Use the plastic spoon to scoop the snail eggs into the hole in the incubation pen.
After that, cover the snail eggs in the loosely with about 2 inches of soil.
At this point, you are done incubating the snail eggs. Yippie!!
Do you remember I promised to tell you how to keep track of the hatching process?
Let’s go there…
Step 4: Track the hatching progress of the snail eggs
Tracking the hatching progress of snail eggs is very easy too.
Here’s what you need to do…
After burying the snail eggs in the soil, get a sheet of paper and write out the date and number of eggs in the hole.
This will help you know when you started incubation and when you will stop.
The incubation period is between 21 – 40 days.
It means that the snail eggs will begin to hatch somewhere around the 21st day after incubation.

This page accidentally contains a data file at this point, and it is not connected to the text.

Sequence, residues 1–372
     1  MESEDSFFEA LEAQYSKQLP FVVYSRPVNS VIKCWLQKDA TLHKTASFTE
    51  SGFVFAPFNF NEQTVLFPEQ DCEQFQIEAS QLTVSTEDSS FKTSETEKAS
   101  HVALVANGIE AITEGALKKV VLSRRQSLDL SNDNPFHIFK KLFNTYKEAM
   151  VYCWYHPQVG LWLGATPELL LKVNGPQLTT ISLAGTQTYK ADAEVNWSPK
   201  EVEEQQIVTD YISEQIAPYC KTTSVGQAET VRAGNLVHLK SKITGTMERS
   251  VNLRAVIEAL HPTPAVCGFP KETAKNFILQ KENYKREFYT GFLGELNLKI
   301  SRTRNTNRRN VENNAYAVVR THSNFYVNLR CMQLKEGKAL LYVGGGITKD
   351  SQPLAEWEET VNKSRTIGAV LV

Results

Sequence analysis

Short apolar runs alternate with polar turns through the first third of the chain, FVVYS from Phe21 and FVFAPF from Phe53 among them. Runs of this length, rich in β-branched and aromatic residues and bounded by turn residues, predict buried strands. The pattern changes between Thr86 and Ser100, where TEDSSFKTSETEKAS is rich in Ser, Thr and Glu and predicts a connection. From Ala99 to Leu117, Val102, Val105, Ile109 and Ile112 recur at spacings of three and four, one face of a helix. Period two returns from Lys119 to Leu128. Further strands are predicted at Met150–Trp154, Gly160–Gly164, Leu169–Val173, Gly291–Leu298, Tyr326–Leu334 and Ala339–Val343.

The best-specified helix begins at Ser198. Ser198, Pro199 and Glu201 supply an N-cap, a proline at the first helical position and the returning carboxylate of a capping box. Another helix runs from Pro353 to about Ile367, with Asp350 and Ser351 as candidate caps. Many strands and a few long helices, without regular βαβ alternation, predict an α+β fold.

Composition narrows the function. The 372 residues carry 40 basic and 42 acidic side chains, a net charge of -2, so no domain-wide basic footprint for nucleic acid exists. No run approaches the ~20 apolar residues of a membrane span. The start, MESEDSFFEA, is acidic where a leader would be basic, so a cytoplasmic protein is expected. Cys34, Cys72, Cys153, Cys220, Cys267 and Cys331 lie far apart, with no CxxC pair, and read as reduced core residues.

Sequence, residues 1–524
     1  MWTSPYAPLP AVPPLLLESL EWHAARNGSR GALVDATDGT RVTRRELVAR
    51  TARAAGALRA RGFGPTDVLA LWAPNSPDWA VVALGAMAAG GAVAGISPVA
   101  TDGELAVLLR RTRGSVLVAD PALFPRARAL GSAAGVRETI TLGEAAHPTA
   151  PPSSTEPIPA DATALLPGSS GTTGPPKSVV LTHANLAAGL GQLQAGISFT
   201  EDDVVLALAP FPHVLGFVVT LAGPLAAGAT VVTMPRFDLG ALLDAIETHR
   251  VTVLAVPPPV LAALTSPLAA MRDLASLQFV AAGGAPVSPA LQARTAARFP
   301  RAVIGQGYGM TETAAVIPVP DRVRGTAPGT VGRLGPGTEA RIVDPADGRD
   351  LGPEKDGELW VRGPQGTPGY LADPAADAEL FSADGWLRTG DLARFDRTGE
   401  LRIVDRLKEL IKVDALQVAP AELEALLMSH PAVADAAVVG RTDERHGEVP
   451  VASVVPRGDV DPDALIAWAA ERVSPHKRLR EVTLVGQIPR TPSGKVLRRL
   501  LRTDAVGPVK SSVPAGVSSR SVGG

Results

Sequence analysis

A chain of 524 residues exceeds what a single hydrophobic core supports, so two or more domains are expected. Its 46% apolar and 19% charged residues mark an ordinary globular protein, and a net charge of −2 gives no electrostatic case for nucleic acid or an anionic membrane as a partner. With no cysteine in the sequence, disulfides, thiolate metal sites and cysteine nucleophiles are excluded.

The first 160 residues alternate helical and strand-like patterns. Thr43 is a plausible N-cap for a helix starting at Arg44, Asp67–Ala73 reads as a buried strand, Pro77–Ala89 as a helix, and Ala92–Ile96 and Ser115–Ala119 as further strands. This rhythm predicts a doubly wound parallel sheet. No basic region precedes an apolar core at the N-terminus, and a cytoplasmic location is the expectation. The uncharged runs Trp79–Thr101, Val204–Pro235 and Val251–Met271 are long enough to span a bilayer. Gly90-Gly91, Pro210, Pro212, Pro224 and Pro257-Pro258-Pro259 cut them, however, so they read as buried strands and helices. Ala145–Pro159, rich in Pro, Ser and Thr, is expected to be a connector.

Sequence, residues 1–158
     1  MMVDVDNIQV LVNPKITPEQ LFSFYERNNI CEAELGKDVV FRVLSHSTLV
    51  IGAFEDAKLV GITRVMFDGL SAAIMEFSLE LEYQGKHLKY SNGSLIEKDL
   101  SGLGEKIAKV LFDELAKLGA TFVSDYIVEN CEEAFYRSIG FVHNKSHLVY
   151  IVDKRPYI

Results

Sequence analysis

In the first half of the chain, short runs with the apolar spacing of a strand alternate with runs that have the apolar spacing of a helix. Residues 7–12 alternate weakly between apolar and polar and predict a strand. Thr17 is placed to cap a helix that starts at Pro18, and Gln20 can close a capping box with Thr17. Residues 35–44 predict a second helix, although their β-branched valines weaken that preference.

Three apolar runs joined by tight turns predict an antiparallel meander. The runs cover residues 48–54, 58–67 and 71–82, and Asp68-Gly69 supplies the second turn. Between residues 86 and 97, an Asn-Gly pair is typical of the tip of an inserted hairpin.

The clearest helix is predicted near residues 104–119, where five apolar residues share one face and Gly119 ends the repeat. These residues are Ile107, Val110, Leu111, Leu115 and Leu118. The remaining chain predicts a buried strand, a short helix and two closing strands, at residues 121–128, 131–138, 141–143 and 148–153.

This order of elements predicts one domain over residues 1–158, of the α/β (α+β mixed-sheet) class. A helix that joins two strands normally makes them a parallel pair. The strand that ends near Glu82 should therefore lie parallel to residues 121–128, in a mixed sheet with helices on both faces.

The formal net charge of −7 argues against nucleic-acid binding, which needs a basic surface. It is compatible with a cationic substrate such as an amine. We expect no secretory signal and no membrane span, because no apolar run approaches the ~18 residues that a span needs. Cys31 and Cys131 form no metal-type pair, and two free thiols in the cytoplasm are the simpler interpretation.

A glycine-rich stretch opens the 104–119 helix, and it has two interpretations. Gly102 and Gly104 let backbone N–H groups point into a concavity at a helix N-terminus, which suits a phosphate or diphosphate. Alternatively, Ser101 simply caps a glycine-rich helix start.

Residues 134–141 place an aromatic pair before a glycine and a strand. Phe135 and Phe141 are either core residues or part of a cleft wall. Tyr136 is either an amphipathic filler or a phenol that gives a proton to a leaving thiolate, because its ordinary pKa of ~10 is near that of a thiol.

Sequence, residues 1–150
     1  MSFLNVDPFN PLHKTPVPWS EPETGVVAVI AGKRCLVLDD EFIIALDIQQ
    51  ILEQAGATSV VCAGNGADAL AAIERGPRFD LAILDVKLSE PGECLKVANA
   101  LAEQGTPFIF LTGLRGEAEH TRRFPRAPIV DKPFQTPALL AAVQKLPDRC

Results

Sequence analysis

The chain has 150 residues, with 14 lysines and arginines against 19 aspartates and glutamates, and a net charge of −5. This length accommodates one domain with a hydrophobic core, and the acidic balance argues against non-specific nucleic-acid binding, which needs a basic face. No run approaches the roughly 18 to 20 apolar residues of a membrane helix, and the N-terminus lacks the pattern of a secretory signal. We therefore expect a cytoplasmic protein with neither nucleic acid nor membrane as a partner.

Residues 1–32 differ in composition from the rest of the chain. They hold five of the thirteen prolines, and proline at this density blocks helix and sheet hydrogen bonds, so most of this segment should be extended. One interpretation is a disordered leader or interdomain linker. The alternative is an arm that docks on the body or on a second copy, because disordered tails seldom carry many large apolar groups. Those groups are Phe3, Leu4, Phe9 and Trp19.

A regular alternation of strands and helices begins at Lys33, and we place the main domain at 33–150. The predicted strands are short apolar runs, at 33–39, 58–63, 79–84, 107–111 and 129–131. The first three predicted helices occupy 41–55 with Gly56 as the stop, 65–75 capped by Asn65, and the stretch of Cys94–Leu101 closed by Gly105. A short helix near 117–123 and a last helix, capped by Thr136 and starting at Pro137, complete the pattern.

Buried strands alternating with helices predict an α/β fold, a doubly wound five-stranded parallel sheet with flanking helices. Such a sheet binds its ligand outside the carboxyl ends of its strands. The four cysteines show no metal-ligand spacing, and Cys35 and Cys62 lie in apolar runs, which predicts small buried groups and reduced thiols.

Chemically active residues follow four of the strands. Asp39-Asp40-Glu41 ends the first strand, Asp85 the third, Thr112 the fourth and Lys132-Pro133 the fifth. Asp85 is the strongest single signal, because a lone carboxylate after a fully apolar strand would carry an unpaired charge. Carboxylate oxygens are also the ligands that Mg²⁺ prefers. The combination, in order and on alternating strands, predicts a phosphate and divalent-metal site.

Naturally, when snail eggs hatch, they crawl out of the thin layer of soil covering them to the surface soil.
However, not all of them tend to come out of the soil.
So, you need to check after 21 days to get them out.
Using a plastic spoon, gently open the soil and pick out the hatched snails on to a plastic tray.
Count and record the number of hatched snails and the number of eggs left.
Make sure the sum of these numbers corresponds to the total number of snail eggs you put there.
When you are done picking the hatched snails cover up the remaining eggs for another 15 days.
After 15 days have gone by, come back again and pick out the hatched snails.
Any remaining eggs in the snail incubation pen after that day should just be discarded.
Following the steps under this subheading will help you know the number of new snails you have on your snail farm.
This number will help you know how many snails you are expecting to have after the farming period.
It will also help you to project the amount of feed you need to get.